Fins and Feathers: Original Children’s Book Illustrations from The Eric Carle Museum of Picture Book Art
November 7, 2010–January 30, 2011
Eric Carle, Green Frog, Green Frog, What do you see?, 1984, from Brown Bear, Brown Bear, What Do You See? (Henry Holt, 1967, 1984), written by Bill Martin Jr., tissue paper on Bainbridge board, 12 ¼ x 17 ¾ in., Collection of Eric and Barbara Carle, courtesy of The Eric Carle Museum of Picture Book Art, © 1967, 1984 Eric Carle More images Husband birds Parade Into Fishes
Do you remember your favorite illustrated books from childhood? Perhaps you were awed by swirling colors, fantastical creatures, and detailed vignettes that brought stories to life. The world of children’s book illustrations is a lush, imaginative arena for artistic exploration that can last a lifetime, and it is often a child’s first aesthetic experience. Relive the fantasy and fun for yourself—or introduce your family to old favorites—with Fins and Feathers: Original Children’s Book Illustrations from The Eric Carle Museum of Picture Book Art. Fins and Feathers, opening in November 2010, features original illustrations for children’s books from the late 1960s through today, including illustrations by Leo Lionni, Eric Carle, and Petra Mathers.
The fanciful illustrations in Fins and Feathers are drawn from the collection of The Eric Carle Museum of Picture Book Art in Amherst, Mass. Established by artist and author Eric Carle in 2002, the museum is the first of its kind, devoted exclusively to original picture book art from American and international illustrators. Fins and Feathers highlights some of the best works from this collection, including a number of works by Arnold Lobel, who illustrated classic stories in The Random House Book of Poetry for Children and The Random House Book of Mother Goose. Also highlighted are works by Ashley Bryan, the much-praised and award-winning author and illustrator of Beat the Story-Drum, Pum-Pum. This book, a collection of Nigerian folktales, is just one of his works to have won a prestigious Coretta Scott King Award, which honors African American authors and outstanding works of literature for children or young adults.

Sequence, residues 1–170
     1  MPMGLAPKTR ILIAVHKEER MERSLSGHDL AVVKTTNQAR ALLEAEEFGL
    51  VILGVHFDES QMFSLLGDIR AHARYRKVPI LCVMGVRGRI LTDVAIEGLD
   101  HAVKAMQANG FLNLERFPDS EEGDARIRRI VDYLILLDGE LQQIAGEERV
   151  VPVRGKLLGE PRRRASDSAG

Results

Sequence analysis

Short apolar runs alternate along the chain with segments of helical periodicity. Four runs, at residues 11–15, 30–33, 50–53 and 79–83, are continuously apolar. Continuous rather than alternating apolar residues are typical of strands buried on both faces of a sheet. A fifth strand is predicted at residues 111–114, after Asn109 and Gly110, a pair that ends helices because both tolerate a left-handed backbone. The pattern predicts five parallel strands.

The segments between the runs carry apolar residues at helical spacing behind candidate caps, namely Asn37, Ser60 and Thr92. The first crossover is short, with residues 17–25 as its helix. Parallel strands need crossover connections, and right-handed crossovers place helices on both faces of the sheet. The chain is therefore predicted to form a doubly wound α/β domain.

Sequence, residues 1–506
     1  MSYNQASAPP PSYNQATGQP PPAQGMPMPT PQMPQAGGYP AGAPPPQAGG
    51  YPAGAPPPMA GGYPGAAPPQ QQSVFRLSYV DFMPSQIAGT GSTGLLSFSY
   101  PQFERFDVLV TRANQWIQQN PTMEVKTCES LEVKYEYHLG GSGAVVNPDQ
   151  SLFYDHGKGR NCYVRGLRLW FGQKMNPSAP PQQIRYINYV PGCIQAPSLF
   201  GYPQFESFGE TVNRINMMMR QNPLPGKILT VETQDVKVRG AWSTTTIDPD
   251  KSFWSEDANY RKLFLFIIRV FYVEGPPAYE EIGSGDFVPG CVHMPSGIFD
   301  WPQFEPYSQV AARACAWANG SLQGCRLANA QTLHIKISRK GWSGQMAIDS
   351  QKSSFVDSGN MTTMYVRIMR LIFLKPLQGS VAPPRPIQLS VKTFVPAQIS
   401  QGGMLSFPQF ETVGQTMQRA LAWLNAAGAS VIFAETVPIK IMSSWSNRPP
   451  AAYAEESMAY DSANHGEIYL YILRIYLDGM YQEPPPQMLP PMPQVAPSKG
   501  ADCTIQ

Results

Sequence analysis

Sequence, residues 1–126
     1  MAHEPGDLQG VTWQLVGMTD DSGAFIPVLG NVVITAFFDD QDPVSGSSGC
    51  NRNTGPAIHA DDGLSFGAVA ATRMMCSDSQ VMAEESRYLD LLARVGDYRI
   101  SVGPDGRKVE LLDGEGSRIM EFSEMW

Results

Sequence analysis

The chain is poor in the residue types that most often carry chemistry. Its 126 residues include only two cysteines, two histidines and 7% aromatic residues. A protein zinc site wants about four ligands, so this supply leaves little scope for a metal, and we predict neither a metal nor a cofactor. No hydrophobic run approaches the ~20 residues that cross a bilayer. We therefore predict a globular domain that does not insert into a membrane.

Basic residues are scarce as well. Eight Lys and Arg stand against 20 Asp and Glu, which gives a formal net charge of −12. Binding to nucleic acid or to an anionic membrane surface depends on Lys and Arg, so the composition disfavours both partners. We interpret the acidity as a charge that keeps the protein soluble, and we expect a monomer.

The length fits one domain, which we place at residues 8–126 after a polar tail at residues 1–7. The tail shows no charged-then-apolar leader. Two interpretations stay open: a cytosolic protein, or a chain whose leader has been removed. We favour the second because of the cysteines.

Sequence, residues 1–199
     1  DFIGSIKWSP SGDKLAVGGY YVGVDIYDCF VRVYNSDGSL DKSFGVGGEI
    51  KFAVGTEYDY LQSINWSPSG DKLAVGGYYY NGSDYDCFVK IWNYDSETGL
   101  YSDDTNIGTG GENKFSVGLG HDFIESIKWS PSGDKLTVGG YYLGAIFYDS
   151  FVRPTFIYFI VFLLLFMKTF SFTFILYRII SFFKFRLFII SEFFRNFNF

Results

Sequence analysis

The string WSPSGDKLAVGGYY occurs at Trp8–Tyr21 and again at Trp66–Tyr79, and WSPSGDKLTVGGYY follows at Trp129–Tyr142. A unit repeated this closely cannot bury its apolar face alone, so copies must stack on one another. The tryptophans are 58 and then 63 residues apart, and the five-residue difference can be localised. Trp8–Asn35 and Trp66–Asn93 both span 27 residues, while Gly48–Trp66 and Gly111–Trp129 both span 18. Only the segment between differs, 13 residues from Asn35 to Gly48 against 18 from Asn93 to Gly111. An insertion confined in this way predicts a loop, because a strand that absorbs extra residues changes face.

Fins and Feathers features daydreaming fish, stately egrets, day-tripping chickens, and one very mixed-up chameleon. By turns humorous and elegant, the illustrations sparkle with bright colors and even brighter original imagery. This family-friendly exhibition is the perfect attraction for children and children- at-heart.
With a commitment to serve the younger citizens of our state, the North Carolina Museum of Art presents Fins and Feathers in concert with four other exhibitions in fall 2010. Families will find a natural connection between the children’s picture book biography Into the Woods: John James Audubon Lives His Dream and the exhibition of the newly restored folios of John James Audubon’s The Birds of America in a new nearby gallery. Fins and Feathers also provides an interesting counterpoint to American Chronicles: The Art of Norman Rockwell, where children and their families can enjoy examining and comparing different styles of illustration for books and print media.
Organized by The Eric Carle Museum of Picture Book Art, Amherst, Mass. In Raleigh support is provided by Rex Healthcare. This exhibition is also made possible, in part, by the North Carolina Department of Cultural Resources and the North Carolina Museum of Art Foundation, Inc.